There is no prescribed time limit given within which claim application has to be filed. But claiming the compensation after a long period of time might result in raising doubts in the minds of the Tribunal. Consequently, there is no prescribed time limit to apply for the compensation. It should be claimed within reasonable time period.

According to Section 165(1) of the Motor Vehicles Act, 1988 Claims Tribunal can entitle compensation to claimant in the following circumstances –

i) The accident involves death or bodily injury to a person.

ii) The accident results in the loss of any property of a third party.

iii) Such accidents arise out of use of motor vehicles.


Where can compensation be claimed?

The application for claim that can be filed in following tribunals are as follows:

i) Claims Tribunal where claimant occupy.

ii) Claims Tribunal where owner of the vehicle occupy.

iii) Claims Tribunal where the accident took place.



Motor Accident Claim Cases In India

RAJ KUMAR vs. AJAY KUMAR

In this case, when the question of correlation between physical condition suffered in an accident and the loss of earning capacity resulting from it was raised before the Supreme Court, it held that the outcome of physical disability on the earning capacity of the victim is to be ascertained.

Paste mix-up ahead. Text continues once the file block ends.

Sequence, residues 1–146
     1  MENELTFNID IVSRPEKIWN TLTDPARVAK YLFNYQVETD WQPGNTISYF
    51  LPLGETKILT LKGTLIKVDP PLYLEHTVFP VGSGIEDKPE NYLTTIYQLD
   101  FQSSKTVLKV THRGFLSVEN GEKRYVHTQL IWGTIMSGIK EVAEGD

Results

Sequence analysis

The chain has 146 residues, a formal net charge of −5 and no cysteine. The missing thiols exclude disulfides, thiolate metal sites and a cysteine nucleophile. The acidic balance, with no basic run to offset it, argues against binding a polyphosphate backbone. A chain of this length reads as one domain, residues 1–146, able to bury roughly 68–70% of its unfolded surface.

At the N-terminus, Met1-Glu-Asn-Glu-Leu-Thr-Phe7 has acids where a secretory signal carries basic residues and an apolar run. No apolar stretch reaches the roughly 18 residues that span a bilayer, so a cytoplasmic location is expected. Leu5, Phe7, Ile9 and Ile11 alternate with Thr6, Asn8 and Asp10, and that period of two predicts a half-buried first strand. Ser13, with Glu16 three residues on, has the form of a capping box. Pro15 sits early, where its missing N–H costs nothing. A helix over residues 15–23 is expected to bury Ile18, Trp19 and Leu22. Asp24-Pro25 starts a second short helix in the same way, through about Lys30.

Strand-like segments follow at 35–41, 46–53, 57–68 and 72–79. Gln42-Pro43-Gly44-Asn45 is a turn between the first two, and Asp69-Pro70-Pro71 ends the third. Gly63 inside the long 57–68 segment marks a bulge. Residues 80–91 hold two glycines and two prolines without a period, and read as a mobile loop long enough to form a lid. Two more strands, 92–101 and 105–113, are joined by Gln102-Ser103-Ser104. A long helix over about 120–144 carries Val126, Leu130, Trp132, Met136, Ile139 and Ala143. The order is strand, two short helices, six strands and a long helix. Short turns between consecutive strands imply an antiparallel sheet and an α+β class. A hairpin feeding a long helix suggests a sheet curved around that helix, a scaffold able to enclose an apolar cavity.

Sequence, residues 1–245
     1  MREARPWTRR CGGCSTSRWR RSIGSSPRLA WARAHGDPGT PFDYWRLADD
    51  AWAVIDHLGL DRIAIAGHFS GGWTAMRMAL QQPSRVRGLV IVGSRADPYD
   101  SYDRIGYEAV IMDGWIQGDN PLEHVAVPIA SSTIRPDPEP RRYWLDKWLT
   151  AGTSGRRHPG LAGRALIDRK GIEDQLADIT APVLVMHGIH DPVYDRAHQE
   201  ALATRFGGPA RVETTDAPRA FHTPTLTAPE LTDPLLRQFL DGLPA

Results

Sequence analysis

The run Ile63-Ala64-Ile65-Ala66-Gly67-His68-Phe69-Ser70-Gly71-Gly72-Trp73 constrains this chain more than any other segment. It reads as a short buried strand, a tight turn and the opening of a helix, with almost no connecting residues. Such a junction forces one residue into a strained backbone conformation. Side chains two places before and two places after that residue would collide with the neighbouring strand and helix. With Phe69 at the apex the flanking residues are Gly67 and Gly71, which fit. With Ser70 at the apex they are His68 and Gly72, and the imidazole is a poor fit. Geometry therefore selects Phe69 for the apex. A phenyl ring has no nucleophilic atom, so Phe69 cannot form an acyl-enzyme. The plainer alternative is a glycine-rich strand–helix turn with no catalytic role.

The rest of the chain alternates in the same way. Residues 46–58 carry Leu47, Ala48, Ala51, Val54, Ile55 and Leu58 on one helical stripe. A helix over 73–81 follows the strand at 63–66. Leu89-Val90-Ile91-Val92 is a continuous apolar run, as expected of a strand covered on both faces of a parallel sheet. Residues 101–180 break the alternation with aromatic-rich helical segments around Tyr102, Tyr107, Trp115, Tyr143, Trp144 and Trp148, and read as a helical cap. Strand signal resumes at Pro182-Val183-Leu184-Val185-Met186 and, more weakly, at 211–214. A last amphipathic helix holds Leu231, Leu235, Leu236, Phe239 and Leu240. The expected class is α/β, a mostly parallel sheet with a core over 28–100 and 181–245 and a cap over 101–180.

NATIONAL INSURANCE COMPANY LTD. vs. PRANAY SETHI

In this case, the Supreme Court legislated the guidelines for evaluating the amount of compensation to be paid by the offender to the accident victims who are self-employed, or have fixed salary, or have a permanent salary. The Court had held that the idea of ‘just compensation’ must be based on reasonableness, equity, and fairness.



Conclusion

All Laws are made only for the benefit of the people. The Motor Vehicles Act, 1988 is made to prevent the accidents, which is a very important law that requires serious implementation. However, it is not only the Government that has to work towards some of its implementation but the public as well. Every person must make sure that he does not violate his provisions because in true sense it is the act of a person that results in an accident.



This article is written by Kanika, of Lingayas Vidyapeeth.